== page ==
Afghan about-face from Labour leader 'bizarre and disgraceful'

30 April 2010

Afghan about-face from Labour leader 'bizarre and disgraceful'

SP Member of Parliament and foreign affairs spokesman Harry van Bommel described the behaviour of Labour Party leader Job Cohen as "bizarre and disgraceful" as Cohen expressed support for sending hundreds of Dutch soldiers to Afghanistan. The Labour leader's statement came only days after last week's vote by Labour in Parliament against the proposal. "Labour broke with its coalition partners and brought the government down over Afghanistan, but now wants to send hundreds of soldiers and police officers there. How often can you do this kind of about face before the voters have been driven mad by it? I find it bizarre and disgraceful. You can't carry on like this with the voters, and you don't treat soldiers like that!"

Harry van BommelIn February the PvdA (Labour Party) left the government because of its demand that 'the last soldier return from Uruzgan this year.' That was the promise made to the Dutch people, and as the Labour leader at the time Wouter Bos said, a promise is a promise. The fall of the government meant that elections must be held, and these were fixed for 9th June. "Originally the PvdA seemed resolute," recalled Van Bommel. "Last week the Labour parliamentary group voted with us against a rather odd proposal from D66 and the Green Left to send police officers and soldiers to Afghanistan. Yet hardly a week later Cohen, as the new party leader, completely reverses his own group's decision. It's not good! Don't forget that the PvdA has already once before reversed its position on the Netherlands' participation in this hopeless war in Afghanistan. Because of that previous about face, we've been in that country two years longer than was originally agreed. When it came to an enquiry into the war in Iraq, the PvdA was also like a spinning top. One thing is certain: as far as issues of war go, nobody knows what you'll get from Labour."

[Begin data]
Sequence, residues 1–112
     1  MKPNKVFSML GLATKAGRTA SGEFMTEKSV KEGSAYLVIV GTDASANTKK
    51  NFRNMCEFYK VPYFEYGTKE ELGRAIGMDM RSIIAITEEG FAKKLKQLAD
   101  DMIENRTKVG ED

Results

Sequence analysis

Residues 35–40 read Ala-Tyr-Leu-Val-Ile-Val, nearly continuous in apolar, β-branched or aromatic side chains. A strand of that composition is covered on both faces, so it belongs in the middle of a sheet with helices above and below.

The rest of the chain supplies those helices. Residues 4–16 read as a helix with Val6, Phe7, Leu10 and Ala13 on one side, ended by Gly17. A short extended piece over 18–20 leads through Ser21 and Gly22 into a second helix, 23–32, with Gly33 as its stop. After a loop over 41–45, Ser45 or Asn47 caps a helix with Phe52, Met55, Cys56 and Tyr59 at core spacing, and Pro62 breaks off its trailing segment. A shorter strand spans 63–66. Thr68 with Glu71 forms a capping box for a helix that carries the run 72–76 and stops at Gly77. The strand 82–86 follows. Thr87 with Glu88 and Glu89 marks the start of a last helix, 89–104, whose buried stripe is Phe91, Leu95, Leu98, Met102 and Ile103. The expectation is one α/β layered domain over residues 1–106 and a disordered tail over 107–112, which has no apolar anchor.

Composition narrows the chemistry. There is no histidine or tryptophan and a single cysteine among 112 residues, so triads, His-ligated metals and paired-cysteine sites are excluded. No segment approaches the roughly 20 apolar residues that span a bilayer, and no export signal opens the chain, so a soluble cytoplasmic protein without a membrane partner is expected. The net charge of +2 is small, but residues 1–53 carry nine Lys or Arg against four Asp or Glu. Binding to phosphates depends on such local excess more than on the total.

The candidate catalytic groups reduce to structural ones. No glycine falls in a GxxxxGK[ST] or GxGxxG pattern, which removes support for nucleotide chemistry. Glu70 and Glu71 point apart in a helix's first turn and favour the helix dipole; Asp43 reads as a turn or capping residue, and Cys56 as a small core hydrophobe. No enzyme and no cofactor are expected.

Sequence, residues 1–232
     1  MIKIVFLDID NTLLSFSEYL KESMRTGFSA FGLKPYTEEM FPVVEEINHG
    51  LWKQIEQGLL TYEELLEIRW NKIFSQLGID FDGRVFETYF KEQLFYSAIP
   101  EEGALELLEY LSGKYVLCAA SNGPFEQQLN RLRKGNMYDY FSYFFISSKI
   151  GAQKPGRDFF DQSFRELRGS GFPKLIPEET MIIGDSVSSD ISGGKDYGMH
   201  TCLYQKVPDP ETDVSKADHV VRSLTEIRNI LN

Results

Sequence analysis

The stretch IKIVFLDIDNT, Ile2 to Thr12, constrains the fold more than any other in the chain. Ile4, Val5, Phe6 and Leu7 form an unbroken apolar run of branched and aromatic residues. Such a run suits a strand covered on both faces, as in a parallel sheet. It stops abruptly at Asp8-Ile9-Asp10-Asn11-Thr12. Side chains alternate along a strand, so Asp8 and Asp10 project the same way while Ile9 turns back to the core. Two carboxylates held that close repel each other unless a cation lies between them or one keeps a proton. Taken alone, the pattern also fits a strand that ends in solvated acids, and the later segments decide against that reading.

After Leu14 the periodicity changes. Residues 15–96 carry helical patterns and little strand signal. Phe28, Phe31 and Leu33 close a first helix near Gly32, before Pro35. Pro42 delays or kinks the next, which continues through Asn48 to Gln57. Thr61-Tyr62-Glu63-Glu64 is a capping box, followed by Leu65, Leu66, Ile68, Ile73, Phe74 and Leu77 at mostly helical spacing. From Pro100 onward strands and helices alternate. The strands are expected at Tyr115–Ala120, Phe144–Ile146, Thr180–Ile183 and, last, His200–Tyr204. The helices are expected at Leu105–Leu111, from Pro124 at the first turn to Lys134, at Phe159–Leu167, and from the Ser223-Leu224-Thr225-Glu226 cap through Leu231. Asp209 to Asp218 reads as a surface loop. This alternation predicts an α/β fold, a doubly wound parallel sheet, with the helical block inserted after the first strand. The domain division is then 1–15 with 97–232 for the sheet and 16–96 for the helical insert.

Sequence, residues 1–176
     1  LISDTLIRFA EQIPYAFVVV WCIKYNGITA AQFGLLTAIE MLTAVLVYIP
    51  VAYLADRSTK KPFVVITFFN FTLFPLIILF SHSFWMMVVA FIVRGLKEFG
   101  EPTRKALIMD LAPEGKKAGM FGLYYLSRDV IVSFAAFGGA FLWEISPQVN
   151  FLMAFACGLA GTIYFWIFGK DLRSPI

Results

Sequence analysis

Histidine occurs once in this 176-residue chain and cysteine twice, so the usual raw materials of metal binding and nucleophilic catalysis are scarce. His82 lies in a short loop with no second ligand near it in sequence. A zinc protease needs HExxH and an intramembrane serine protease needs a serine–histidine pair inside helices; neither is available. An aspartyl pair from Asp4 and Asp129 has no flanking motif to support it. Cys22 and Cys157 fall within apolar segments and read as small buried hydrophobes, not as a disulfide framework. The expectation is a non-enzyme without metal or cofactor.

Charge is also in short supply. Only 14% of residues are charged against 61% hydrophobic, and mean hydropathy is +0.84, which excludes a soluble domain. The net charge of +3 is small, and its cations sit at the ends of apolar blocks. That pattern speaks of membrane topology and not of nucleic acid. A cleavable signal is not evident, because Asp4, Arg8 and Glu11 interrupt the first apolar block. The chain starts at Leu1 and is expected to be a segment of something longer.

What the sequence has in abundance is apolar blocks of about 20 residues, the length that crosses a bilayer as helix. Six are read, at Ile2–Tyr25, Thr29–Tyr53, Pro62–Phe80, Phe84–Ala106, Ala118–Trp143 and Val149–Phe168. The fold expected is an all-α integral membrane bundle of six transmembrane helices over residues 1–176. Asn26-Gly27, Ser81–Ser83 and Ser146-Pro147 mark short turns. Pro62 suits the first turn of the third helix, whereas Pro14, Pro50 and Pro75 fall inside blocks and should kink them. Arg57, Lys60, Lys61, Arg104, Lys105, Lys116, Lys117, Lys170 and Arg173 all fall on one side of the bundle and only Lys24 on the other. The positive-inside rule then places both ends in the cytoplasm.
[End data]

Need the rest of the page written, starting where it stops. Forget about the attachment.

Van Bommel hopes that the voters will yet put a block on a new military mission in Afghanistan. "The elections on June 9th have now become even more important. They were about how we can get out of this enormous economic crisis in a socially progressive manner, but now they're also about how we can get out of this hopeless war in Afghanistan. Most Dutch people want that, but politicians do what they like. This must stop."

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